Friday, October 16, 2015
1. I have been carrying around Little Man --
his blanket draped over my shoulder -- for over two years, now. But,
suddenly, I am not to be trusted with his blanket. "Mine!" He
shouts, and yanks it away so he can hold it himself, apparently
oblivious to who is holding him.
On somewhat related note, I am looking forward to my first night of uninterrupted sleep in over four years during an upcoming trip. I'll fly out ahead of my family's house hunting trip for a professional conference. Thank you, wife and in-laws for the birthday presents! (I have, for a few years, joked about getting a full night's sleep as a gift. Watch me stay awake, wondering how the kids are...)
2. I had heard about a physician performing his own appendectomy in the Antarctic before, but had never read a detailed account. This one even has pictures. The one with the coffee cup in it makes me chuckle.
3. Lord, no, this isn't going to "kill" FedEx, but I do like the idea of Uber Rush:
If a restaurant is swamped with delivery orders during the lunch hour, it can sign on to the Uber Rush merchant platform and summon a courier to its doorstep to deliver the orders for it. If a small boutique wants to add same-day delivery for its clothing or books, it can add it as a delivery option (against the slower standard choices).The usual Uber app will also allow its users to do such things as have a forgotten rain coat retrieved from one location to another.
Where Uber becomes most efficient, and most like FedEx or UPS, is in its ability to pick up multiple packages from multiple businesses.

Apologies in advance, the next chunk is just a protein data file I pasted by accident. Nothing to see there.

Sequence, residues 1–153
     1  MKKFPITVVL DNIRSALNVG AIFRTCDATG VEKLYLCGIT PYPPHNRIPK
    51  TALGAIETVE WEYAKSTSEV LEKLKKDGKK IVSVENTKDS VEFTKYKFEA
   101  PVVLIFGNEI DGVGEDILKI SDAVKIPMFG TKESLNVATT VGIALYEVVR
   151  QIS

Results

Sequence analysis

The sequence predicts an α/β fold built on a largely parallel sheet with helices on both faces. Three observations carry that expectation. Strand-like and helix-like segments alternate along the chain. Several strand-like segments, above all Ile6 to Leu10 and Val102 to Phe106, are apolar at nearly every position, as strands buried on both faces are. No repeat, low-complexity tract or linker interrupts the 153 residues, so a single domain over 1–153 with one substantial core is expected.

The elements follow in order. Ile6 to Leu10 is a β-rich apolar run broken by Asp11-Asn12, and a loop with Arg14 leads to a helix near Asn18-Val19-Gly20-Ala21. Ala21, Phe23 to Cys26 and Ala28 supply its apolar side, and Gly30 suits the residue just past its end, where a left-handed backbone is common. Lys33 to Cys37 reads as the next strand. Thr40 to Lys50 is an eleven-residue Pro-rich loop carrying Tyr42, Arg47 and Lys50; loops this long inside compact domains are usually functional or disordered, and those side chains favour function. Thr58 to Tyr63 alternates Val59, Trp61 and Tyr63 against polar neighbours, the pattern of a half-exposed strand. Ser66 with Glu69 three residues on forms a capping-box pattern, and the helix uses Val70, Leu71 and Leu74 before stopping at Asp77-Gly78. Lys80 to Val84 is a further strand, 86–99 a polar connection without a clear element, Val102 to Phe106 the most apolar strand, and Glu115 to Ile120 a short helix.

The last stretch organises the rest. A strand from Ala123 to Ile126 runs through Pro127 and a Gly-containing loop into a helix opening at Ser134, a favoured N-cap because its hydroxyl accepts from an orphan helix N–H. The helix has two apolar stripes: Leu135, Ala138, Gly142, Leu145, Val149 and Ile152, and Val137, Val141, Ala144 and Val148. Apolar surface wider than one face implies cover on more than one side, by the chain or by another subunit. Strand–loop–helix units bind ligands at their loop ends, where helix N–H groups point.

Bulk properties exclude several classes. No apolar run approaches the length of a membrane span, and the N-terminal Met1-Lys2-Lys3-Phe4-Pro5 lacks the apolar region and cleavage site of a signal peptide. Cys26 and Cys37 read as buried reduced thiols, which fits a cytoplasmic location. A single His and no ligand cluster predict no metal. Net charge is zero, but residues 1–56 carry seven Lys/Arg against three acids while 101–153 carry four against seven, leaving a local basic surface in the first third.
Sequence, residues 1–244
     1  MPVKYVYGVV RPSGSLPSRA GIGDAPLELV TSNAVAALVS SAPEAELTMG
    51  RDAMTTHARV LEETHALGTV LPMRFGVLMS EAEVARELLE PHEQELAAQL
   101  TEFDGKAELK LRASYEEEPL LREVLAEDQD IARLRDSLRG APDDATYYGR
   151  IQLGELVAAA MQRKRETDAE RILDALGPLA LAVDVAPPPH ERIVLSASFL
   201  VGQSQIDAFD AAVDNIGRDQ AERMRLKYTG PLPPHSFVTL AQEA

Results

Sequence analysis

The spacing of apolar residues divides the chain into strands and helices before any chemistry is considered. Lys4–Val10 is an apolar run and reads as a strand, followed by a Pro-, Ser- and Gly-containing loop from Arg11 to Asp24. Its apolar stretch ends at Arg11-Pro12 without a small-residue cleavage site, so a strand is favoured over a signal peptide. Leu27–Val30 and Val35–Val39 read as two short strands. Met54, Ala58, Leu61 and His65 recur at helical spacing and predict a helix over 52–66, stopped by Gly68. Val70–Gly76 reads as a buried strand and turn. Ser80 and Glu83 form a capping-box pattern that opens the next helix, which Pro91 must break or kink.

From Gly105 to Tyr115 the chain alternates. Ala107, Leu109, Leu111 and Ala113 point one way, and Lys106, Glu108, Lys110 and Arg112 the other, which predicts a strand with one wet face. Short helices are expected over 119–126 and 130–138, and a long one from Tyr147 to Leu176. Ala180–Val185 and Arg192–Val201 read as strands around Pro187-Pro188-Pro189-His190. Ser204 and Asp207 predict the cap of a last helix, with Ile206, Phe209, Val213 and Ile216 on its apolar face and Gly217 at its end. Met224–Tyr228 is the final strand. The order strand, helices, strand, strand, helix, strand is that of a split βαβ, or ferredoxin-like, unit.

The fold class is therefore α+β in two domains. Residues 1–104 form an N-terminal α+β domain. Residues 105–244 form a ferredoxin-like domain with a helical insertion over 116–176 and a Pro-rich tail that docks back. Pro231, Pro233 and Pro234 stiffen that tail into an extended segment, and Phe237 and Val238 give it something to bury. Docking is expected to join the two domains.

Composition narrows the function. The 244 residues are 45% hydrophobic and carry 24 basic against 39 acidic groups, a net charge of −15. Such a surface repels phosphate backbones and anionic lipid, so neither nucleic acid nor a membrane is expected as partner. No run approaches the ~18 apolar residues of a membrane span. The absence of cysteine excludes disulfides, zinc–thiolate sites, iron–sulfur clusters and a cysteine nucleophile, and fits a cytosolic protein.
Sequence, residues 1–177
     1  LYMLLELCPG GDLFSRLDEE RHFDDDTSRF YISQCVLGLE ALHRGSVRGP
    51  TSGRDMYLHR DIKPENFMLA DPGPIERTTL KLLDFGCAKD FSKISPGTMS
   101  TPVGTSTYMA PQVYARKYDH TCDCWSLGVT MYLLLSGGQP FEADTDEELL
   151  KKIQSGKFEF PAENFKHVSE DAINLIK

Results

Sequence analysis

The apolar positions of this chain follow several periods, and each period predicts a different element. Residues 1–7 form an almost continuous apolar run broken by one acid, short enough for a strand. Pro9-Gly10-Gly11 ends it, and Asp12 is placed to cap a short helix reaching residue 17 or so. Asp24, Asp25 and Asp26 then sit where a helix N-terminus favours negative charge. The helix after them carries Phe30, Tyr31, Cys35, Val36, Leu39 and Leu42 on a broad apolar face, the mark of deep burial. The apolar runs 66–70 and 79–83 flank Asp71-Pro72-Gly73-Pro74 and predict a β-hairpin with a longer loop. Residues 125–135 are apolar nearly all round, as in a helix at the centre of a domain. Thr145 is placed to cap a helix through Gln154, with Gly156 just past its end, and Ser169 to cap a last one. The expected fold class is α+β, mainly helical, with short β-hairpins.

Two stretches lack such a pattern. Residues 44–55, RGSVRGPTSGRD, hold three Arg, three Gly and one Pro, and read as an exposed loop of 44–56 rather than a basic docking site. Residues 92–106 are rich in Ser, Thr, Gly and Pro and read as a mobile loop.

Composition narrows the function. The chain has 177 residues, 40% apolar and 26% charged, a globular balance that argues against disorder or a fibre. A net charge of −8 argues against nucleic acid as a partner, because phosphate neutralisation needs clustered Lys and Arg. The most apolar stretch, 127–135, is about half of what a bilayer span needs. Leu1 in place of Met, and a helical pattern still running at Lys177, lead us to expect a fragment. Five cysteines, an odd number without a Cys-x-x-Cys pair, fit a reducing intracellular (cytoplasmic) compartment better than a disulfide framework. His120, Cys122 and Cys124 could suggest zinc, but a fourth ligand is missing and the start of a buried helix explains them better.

4. Computation may solve a common diagnostic problem, inexperience. This obtains, at least, for up to 3,000 genetic disorders:
A group of researchers at Oxford University would, though, like to make dysmorphology work better. They want to bring it into the 21st-century world of face-recognition technology, and thus extend its range. Christoffer Nellaker and Andrew Zisserman began from three premises. First, of the 6,000 known developmental disorders, about half express themselves, in part, in the face. Second, most are so rare that a doctor is unlikely to come across any given one of them during his career, so he will have no chance to learn how to recognise them. Third, they are nevertheless, in aggregate, common enough that distinguishing them is important.This diagnostic aid could spare many parents of special needs children the anxiety of not knowing what is wrong with their child, and make them better able to help much more quickly.